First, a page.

As transcutaneous retrobulbar amphotericin B (TRAMB) injection has been used for routine care only since 2015, this retrospective, controlled study compared outcomes in patients with invasive fungal rhino-orbital sinusitis treated before and after 2015.
Investigators studied data from 50 consecutive patients with proven invasive fungal sinusitis with orbital involvement seen at a single US center between 1999 and 2020. The outcomes of a modified treatment ladder algorithm using TRAMB injection for moderate orbital disease were compared with those of historical control subjects (seen before 2015). The treatment algorithm escalated treatment invasiveness based on disease severity. TRAMB was performed with 1 mL of a 3.5 mg/mL concentration of liposomal amphotericin B, and magnetic resonance imaging was used to determine the extent of devascularized tissue based on loss of contrast enhancement.
Thirty of 50 patients (33 of 55 affected eyes) received the modified algorithm of TRAMB. Baseline demographic and clinical characteristics were similar between the patient populations. Prior to 2015, 36.5% of patients were exenterated, compared with 9.1% after 2015. Final visual acuity was better in the post-2015 group, and fewer patients had worse vision at the final follow-up visit (12.5% vs 50.0% of the pre-2015 group). Overall, TRAMB was safe, with a 4.3% complication rate due to orbital inflammation or hemorrhage, and mortality rates were similar in the pre- and post-2015 groups.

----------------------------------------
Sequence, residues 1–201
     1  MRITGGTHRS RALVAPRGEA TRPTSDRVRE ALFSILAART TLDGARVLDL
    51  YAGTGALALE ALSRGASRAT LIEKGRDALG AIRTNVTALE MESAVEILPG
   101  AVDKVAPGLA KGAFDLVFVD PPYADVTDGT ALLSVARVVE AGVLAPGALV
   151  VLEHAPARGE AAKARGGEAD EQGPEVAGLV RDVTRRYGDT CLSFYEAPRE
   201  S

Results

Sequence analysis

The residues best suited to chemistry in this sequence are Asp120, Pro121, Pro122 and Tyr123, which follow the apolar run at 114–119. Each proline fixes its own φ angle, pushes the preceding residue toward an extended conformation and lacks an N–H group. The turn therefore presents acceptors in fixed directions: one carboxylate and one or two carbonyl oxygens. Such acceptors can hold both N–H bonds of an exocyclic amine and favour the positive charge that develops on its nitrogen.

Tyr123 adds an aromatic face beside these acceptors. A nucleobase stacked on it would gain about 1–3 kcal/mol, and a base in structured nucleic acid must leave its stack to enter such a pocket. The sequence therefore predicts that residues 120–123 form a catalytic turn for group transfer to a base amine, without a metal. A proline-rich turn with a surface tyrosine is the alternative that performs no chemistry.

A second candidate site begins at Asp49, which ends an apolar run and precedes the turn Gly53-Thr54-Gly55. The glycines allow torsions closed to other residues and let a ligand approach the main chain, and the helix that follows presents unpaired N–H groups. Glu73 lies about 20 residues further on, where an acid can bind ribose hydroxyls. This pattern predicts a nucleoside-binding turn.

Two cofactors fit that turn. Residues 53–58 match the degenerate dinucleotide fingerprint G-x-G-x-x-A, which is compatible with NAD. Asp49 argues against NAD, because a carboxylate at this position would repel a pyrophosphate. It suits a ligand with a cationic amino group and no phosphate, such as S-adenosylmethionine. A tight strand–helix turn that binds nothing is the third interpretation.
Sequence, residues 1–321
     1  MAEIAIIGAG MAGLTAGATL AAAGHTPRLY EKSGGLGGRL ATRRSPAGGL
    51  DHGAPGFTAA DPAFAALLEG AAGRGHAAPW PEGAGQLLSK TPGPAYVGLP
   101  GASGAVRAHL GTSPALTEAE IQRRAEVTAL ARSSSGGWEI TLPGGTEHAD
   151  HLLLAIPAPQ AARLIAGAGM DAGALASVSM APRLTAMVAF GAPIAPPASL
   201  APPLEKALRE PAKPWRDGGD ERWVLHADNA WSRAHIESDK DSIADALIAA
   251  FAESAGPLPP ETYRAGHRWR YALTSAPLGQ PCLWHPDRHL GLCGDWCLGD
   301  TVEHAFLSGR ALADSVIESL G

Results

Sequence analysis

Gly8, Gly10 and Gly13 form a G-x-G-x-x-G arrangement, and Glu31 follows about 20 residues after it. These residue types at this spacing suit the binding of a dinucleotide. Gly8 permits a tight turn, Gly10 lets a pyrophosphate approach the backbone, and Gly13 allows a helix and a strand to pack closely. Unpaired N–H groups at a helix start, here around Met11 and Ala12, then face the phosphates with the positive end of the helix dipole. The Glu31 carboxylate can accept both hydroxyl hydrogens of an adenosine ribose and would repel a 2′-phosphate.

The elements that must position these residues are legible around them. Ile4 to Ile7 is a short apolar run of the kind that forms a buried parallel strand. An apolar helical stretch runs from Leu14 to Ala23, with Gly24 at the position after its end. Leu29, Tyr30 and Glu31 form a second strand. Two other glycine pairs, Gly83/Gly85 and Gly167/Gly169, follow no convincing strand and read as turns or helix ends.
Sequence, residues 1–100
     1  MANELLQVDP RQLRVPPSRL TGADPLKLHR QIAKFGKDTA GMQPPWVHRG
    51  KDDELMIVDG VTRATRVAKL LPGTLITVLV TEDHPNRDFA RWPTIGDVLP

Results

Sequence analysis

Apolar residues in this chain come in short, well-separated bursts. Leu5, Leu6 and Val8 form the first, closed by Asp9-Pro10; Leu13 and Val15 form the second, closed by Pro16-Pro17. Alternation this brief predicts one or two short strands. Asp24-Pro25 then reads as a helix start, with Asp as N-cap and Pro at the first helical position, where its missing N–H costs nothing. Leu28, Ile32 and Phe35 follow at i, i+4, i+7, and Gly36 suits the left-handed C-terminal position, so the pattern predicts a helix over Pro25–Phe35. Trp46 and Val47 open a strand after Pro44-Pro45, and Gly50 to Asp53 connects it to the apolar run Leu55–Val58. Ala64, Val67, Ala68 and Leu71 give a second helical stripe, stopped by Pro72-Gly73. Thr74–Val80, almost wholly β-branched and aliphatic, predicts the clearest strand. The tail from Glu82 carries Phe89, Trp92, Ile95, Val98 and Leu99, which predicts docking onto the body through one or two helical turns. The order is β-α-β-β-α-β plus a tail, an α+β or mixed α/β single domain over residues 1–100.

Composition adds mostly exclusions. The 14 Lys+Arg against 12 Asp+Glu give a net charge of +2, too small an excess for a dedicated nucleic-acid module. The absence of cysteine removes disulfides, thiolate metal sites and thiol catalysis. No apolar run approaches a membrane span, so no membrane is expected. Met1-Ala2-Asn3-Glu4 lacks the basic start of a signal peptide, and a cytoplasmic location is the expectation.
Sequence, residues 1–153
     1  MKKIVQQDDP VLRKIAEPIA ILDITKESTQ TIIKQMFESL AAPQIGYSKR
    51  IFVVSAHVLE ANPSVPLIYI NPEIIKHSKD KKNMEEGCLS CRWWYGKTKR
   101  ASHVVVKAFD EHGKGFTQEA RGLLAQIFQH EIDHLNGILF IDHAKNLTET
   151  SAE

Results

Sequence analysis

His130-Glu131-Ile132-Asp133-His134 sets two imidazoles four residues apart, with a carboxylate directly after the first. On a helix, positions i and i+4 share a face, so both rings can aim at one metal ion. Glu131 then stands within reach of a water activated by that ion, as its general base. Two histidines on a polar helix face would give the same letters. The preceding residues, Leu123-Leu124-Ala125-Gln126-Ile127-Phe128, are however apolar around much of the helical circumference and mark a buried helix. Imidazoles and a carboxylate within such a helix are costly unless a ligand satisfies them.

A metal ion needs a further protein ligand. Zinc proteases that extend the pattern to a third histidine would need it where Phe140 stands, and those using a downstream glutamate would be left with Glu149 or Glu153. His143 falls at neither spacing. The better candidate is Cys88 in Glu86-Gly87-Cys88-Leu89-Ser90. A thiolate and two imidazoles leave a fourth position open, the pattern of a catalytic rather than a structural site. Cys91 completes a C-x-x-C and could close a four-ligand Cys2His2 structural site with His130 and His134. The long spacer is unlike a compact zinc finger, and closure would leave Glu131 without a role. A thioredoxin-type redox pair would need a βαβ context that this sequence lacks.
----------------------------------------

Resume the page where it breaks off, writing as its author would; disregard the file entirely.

The study size was relatively small, with a heterogenous population. It is possible that medical treatment, in general, was better for more recent patients than for those treated before 2015, which could have affected the results. It would be ideal to conduct a prospective, randomized, case-controlled study to confirm this study’s results.
This study supports the treatment of invasive fungal sinusitis with retrobulbar amphotericin B injections, rather than the traditional treatment with exenteration for select cases. The adaption of TRAMB appears to decrease the need for exenteration; however, mortality is not affected.